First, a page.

Surprising stand by T&T minister
WHAT APPEARED a week ago today as a politically enlightened agreement between the foreign ministers of Jamaica (Arnold Nicholson) and Trinidad and Tobago (Winston Dookeran) now seems to have developed into an unexpected problem for Prime Minister Kamla Persad-Bissessar.
As of yesterday, while she was travelling to South Africa as head of a broadly based official Trinidad and Tobago delegation for the state funeral of the internationally respected human rights icon Nelson Mandela, Persad-Bissessar would undoubtedly have had under consideration options in relation to the recent public rebuke of Minister of Foreign Affairs Dookeran by her National Security Minister Senator Gary Griffith.
Quite a positive mood had initially greeted the signing of a detailed agreement between the two foreign ministers in Kingston to promote and improve general bilateral relations following the recent deportation from Trinidad and Tobago of 13 Jamaicans that had led to persistent angry calls from various sectors in Jamaica for a boycott of trade with that twin-island state.
Then came the surprising declaration from Mr Griffith to the local media that his ministerial colleague, Mr Dookeran, was “out of place” to have entered into an agreement without first “consulting with me” since he, and not the foreign minister, was responsible for immigration and other matters pertaining to national security.
What the national security minister quite surprisingly ignored in his apparent anxiety to fire off verbal salvos at a colleague is that Mr Dookeran’s meeting with his Jamaican counterpart had resulted from an understanding at prime ministerial level in both Kingston and Port of Spain and based on a written invitation from Mr Nicholson.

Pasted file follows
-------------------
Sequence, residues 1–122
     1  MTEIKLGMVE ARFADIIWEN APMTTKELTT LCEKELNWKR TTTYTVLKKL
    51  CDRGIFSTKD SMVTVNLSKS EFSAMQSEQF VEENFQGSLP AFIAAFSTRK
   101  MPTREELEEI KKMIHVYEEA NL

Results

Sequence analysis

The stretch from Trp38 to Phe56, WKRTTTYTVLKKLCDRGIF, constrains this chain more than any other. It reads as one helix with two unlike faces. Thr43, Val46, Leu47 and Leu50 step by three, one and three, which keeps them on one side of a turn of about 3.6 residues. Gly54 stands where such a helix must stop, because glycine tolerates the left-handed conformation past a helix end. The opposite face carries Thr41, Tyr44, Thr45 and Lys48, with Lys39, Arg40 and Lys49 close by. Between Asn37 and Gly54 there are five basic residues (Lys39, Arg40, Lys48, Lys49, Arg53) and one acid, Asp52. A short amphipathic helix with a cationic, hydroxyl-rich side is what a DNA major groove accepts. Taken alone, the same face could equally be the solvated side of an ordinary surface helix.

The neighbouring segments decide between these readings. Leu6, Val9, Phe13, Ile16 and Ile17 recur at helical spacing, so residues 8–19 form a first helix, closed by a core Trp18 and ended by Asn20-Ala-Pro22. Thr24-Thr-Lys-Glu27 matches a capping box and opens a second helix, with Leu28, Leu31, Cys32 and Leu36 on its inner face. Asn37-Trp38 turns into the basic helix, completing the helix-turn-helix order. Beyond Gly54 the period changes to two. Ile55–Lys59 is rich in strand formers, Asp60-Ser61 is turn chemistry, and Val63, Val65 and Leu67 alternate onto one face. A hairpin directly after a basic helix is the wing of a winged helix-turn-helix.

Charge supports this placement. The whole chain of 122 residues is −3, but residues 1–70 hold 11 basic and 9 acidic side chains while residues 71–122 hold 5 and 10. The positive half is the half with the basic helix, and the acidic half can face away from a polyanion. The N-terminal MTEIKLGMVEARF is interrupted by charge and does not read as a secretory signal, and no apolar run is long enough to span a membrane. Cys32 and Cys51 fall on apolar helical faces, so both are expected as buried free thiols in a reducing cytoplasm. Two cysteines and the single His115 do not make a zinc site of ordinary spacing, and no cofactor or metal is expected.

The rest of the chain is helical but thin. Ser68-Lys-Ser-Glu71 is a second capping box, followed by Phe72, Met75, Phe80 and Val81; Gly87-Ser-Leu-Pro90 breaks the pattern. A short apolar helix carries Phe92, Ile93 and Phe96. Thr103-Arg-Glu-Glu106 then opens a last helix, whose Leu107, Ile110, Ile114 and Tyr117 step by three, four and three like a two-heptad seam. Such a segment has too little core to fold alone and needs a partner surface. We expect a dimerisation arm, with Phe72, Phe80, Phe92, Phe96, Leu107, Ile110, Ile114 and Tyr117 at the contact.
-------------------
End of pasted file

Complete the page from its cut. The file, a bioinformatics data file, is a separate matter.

When Prime Minister Persad-Bissessar subsequently announced that she had informed Mr Dookeran to meet with Mr Nicholson to resolve the problems that had surfaced in relation to immigration and bilateral trade, there was no indication, either in Kingston or Port of Spain, for any involvement for their respective national security ministers.
In the circumstances, the evident tantrum of minister Griffith, a newcomer to governance politics, and specifically as minister of national security – following the departure of the controversial Jack Warner – would have come as a most unwelcome and unnecessary development for the prime minister, particularly after some bruising political defeats at recent local government elections.
In contrast to a cool, mature response from Mr Dookeran to media inquiries that the agreement reached in Kingston would not affect the responsibility of the minister for national security, Senator Griffith persisted with more negative comments about CARICOM citizens, not only Jamaicans, who were “abusing” their freedom to visit Trinidad and Tobago.
Prime Minister Persad-Bissessar would have difficulties ignoring the particular derogatory remark by Mr Griffith that CARICOM citizens were treating Trinidad and Tobago as “a shopping mall” in their exploitation of the Community’s provisions governing intra-regional freedom of movement.
We therefore await developments on this issue on the prime minister’s return from South Africa.